Monthly Archives: November 2013

Impeachment Did Not Keep Ferguson Out of Politics

On November 8, 1917, two months after his impeachment and removal from office, former governor James E. Ferguson started publication of “The Forum,” his independent weekly newspaper that lasted until 1935.

At first Ferguson kept running for office:  governor in 1918, president in 1920 and the U.S. Senate in 1922.  Realizing he could not hope to win a statewide much less a nationwide vote, “Farmer Jim” talked his wife Miriam into taking his place on the ballot and the result was Texas’ first female chief executive.

1929 Austin Murder Trial the Talk of Texas

Drunk as a skunk and in a jealous rage, Judge John W. Brady stabbed Lehlia HIghsmith to death in front of her rooming house on the night of November 9, 1929.

This sensational Roaring Twenties murder case is the subject of “This Week in Texas History” for the week of Wednesday, November 6 through Tuesday, November 12.  Read all about it in your local newspaper or on-line with a private email subscription available on this web site.

Voters Crush Taft’s Hopes of Carrying Texas in 1912

Only a tiny fraction of the many thousands of Texans, who flocked to see President William Howard Taft on his tour of the Lone Star State three years earlier, cast their ballots for the incumbent on November 5, 1912.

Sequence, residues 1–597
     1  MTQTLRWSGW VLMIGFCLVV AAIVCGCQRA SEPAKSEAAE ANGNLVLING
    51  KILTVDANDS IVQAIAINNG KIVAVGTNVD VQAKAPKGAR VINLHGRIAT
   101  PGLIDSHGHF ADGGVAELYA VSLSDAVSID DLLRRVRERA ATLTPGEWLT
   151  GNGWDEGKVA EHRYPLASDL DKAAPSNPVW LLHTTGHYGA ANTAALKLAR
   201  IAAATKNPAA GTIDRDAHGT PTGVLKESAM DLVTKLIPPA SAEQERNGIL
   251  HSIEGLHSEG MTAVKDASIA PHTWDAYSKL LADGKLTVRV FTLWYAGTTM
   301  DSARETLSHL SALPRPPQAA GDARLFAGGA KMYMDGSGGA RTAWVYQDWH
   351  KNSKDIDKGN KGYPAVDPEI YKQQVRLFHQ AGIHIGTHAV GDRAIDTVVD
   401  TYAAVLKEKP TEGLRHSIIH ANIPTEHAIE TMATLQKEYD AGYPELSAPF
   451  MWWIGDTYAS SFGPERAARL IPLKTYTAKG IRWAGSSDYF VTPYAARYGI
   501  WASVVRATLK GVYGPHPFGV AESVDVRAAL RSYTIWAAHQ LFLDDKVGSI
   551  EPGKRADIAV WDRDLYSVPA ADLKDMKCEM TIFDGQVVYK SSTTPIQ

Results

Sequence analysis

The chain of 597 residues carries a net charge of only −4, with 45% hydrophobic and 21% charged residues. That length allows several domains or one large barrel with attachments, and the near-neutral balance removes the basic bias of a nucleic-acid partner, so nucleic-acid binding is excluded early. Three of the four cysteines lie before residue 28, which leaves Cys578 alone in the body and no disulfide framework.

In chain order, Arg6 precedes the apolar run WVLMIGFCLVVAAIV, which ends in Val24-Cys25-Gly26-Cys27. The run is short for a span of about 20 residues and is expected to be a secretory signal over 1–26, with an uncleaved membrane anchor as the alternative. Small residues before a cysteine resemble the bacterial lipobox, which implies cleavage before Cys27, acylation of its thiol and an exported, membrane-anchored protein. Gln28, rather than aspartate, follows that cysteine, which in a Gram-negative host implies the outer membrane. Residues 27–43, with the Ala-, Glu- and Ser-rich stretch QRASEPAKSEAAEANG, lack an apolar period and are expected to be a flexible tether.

The Republican was so encouraged by the big turnout that he told his staff he might win Texas the next time.  Instead, Democrat Woodrow Wilson beat him seven to one as the 300-pound Taft, who carried just Vermont and Utah, outpolled Teddy Roosevelt and Socialist Eugene Debs in a photo-finish for second place.

“Knights of the Golden Circle” All Talk No Action

On November 3, 1860, Knights of the Golden Circle leader George Bickley announced the initiation of 48 new members in a secret ceremony at Huntsville.

Created in Kentucky in 1854, the KGC sought the establishment of “a slaveholding empire encompassing the southern United States, the West Indies, Mexico and parts of Central America” according to the “Handbook of Texas.”  A proposed invasion of Mexico failed to come off as planned, but the Knights soon had all the fighting they could handle in the Civil War.

Hughes Flies “Spruce Goose” for First and Last Time

With Texas tycoon Howard Hughes at the controls, the controversial flying boat popularly known as the “Spruce Goose” rose into the air for the first and last time on November 2, 1947.

Hughes told a congressional hearing that if H-4 Hercules “is a failure, I’ll probably leave this country and never come back.”  Having proved his point by getting the aircraft with the longest wingspan in history off the water, the eccentric millionaire locked it away in a Long Beach hangar. 

 

Before Viagra There Was the “Goat Doctor”

Dr. John R. Brinkley, who made millions touting goat gonads as a cure for male impotence, moved from Kansas to Del Rio, Texas on November 1, 1933.

A powerful 50,000-watt radio station across the border in Villa Acuna broadcast his fraudulent claims to listeners throughout North America until the Mexican government revoked his license.  Proved a charlatan and a quack in a Texas court, he died a pauper’s death in San Antonio in 1942.